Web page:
The Court further accepted that the scheme was “rationally connected to the objective” of supporting a coherent immigration system (§113). It is beyond the scope of this text to evaluate the general effectiveness of deterrent or punitive measures in controlling immigration. Nonetheless, I maintain that there are further errors of reasoning contained within this brief statement.
Firstly, it is not alleged that all those targeted are able to repatriate. If they are not, it stands to reason that the scheme cannot encourage them to do so. I reiterate that many irregular migrants have extremely compelling reasons not to return to their countries of origin. By this I refer not only to ‘mere’ economic concerns; leaving the UK can be a matter of life and death, even for those who do not qualify for asylum (Dembour 2015).
Secondly, even if the scheme may in fact achieve its objectives, it does not necessarily follow that it is a rational method of pursuing them. There will be people affected by the scheme who can and do repatriate as a result, but the scheme does not uniquely penalise irregular migrants; it penalises racialised minorities more generally (§4). There is every reason to believe that people with regular migration status may equally be encouraged to repatriate. The ‘achievements’ of the policy in deterring unlawful presence are almost accidental; it is as indiscriminate as it is discriminatory, and its various consequences result in substantially the same way.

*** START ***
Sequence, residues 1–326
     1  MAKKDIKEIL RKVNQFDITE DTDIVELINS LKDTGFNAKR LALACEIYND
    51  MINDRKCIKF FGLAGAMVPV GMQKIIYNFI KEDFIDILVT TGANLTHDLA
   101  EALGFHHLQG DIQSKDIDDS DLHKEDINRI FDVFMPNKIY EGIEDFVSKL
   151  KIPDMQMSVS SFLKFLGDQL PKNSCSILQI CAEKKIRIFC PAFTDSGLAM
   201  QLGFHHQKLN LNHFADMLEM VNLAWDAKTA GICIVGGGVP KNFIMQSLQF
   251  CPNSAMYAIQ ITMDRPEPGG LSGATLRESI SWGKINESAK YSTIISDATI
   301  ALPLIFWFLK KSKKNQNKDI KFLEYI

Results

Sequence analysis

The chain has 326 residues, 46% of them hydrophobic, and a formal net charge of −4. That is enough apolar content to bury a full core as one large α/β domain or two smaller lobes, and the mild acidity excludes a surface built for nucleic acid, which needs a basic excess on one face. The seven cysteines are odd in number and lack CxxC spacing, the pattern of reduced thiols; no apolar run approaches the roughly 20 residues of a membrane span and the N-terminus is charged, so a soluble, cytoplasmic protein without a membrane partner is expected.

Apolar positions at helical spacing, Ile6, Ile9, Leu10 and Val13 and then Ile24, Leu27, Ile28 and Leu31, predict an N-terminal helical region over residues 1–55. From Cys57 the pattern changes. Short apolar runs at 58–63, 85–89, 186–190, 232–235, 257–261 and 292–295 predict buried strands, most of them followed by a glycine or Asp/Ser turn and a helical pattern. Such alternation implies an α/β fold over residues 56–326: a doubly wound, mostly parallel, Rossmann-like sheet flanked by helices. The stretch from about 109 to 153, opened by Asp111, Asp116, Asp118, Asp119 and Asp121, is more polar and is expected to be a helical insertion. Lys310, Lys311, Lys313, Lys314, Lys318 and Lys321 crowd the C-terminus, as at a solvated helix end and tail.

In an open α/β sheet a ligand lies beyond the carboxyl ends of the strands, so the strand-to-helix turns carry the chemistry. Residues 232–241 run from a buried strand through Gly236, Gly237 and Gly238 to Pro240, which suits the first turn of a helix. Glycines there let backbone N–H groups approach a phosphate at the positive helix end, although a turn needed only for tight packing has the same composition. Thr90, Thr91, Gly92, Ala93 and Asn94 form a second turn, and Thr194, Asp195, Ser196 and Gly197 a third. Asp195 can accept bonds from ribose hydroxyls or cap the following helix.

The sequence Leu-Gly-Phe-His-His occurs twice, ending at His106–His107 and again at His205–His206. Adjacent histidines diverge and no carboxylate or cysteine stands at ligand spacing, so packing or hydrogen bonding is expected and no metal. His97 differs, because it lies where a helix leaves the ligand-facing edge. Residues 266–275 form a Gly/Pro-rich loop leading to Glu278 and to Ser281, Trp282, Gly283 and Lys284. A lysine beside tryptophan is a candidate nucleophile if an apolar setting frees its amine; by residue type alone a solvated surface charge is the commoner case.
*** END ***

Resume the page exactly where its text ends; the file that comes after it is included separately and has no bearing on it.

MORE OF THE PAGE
It is worth contemplating briefly what the consequences might be for those who do not or cannot repatriate. Irregular migrants and other racialised minorities who struggle to access legally rented accommodation may be increasingly vulnerable to criminal financial exploitation and domestic violence, concerns which are particularly acute when viewed in conjunction with other measures impacting access to healthcare, policing etc. The damage caused by the hostile environment is widely known and much reported, but if it serves no rational purpose, there is no question of proportionality. It is my sincere hope that the Supreme Court will declare this scheme unlawful on appeal and cease to legitimise suffering for the sake of suffering.
Arendt, Hannah. (2017). The origins of totalitarianism (Penguin modern classics). Penguin.
Blitz, B. K. & Otero-Iglesias, M. (2011). Stateless By Any Other Name: Refused Asylum-Seekers in the United Kingdom. Journal of Ethnic and Migration Studies (37).
Chimni, B. S. (1998). The Geopolitics of Refugee Studies: A View from the South. Journal of Refugee Studies, 11(4), pp. 350-384.
Dembour, M. (2015). When Humans Become Migrants: Study of the European Court of Human Rights with an Inter-American Counterpoint. Oxford University Press.
Immigration Act 2014 c. 22.
Inter-American Court of Human Rights, (2003). Juridical Condition and Rights of Undocumented Migrants, Advisory Opinion OC-18 of 17 September 2003.
Qureshi, A., Morris, M. & Mort, L. (2020). Access Denied: The Human Impact of the Hostile Environment. Institute for Public Policy Research.
Secretary of State for the Home Department v The Queen on the Application of the Joint Council for the Welfare of Immigrants (2020) Court of Appeal, Civil Division, case 542.
UK House of Commons Home Affairs Committee. (2018). Immigration Policy: Basis for Building Consensus. Available at: https://publications.parliament.uk/pa/cm201719/cmselect/cmhaff/500/500.pdf .